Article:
Turn off your damn phone

In the great scheme of things and compared to the larger woes of the world, it’s not that big a deal. On this we can probably all agree.

But those woes, those great schemes, are precisely what we seek to escape when we engage in art and culture. And when the escapism is rudely interrupted by the thoughtlessness of others…well, it’s probably not a hanging offense. But sometimes we wish it was, don’t we?

I’m haranguing here about the philistine at the Philharmonic (New York Philharmonic, to be exact), who on Tuesday night wrecked a performance of Mahler’s Ninth Symphony with a marimba ringtone. According to witnesses, it went on and on and on. Conductor Alan Gilbert eventually stopped the concert, turned toward the area of the offending racket and asked for it to stop. After he repeated his request a few times, it finally did.

Again, this might not be the world’s worst transgression. The offender very well might be a fine fellow, perhaps an altruistic friend to widows and orphans. He probably shouldn’t be judged too harshly for that one lapse.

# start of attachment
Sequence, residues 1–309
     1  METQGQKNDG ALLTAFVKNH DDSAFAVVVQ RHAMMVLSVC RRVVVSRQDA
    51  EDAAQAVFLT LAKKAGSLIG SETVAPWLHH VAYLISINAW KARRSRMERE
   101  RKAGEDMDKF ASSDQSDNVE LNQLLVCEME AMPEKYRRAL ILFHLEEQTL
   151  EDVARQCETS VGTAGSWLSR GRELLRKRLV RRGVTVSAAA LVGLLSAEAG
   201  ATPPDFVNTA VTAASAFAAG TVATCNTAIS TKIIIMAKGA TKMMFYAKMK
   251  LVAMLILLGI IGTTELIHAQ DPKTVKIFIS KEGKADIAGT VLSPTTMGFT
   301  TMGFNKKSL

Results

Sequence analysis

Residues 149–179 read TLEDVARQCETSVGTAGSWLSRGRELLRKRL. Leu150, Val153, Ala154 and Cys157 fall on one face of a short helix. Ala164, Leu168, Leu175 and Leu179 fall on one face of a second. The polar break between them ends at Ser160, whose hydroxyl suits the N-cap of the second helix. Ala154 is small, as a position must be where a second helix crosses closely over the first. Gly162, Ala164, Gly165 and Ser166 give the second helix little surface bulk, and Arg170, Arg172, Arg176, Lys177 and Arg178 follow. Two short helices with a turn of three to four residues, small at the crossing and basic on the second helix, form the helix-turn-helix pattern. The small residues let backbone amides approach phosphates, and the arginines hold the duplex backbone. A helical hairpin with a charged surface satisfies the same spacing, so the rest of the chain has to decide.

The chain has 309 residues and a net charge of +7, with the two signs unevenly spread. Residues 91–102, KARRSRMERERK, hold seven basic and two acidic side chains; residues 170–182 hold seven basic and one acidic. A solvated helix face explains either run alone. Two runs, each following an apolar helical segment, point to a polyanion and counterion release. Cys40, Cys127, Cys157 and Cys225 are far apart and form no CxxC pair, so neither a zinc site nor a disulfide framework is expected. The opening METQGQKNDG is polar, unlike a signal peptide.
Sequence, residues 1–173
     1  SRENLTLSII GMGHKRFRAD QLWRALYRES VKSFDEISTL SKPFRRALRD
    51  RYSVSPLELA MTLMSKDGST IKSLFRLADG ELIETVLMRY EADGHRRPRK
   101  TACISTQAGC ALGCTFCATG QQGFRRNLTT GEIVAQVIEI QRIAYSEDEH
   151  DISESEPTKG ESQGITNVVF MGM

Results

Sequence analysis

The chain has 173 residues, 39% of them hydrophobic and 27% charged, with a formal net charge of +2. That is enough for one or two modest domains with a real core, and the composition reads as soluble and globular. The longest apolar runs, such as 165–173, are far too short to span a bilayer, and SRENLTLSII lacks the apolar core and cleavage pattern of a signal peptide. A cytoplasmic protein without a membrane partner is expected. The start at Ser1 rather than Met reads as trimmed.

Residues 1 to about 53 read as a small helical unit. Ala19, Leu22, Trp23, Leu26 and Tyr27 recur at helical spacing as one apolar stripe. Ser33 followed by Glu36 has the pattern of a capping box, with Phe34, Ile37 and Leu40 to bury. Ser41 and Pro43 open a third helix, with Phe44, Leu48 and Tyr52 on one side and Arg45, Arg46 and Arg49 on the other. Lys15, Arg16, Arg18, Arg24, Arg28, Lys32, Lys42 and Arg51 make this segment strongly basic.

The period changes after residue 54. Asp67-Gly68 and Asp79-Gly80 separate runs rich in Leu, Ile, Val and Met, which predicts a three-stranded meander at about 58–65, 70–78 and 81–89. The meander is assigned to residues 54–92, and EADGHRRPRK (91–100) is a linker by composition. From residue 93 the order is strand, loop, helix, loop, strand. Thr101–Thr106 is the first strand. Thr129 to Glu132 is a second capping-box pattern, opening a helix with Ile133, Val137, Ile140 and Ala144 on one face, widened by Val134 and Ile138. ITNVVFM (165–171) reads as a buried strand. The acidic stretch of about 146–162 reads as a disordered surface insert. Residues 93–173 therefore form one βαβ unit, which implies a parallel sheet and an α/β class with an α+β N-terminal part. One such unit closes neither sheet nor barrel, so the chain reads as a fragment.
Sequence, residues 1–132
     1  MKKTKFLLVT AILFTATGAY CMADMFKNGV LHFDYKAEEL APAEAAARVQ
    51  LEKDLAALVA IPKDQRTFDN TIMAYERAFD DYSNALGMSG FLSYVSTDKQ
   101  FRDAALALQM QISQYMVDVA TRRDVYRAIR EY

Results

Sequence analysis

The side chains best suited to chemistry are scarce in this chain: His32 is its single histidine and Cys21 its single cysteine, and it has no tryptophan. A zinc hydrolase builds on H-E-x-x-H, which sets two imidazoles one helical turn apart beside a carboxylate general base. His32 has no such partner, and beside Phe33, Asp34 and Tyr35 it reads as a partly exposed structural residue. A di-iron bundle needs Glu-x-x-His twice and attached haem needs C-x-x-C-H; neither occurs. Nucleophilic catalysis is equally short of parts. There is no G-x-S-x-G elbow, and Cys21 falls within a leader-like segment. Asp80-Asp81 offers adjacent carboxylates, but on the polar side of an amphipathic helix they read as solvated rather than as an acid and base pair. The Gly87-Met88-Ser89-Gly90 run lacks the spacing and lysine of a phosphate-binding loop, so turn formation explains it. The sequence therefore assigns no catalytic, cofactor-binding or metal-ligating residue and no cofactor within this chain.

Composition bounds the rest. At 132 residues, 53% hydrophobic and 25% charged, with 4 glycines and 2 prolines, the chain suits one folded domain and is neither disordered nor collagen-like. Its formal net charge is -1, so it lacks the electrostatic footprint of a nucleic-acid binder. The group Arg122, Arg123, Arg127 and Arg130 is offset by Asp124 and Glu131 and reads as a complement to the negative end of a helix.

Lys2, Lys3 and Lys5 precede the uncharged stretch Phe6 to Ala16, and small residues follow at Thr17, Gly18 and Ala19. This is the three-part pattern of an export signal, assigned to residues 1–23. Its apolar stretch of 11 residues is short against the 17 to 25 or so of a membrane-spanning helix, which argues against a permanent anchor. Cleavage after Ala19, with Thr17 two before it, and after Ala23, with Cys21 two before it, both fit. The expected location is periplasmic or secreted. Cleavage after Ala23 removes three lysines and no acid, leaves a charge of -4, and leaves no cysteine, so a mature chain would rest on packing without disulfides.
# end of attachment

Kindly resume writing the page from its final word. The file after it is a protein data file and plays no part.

But you know, that one lapse was so easily avoidable. It’s something we all can avoid, something we all very much should avoid, whenever out and about engaging with our fellow earthlings in whatever culture that trips our trigger.

It’s this simple: turn off your damned phone.

About editor, facilitator, decider

Doesn't know much about culture, but knows when it's going to hell in a handbasket.
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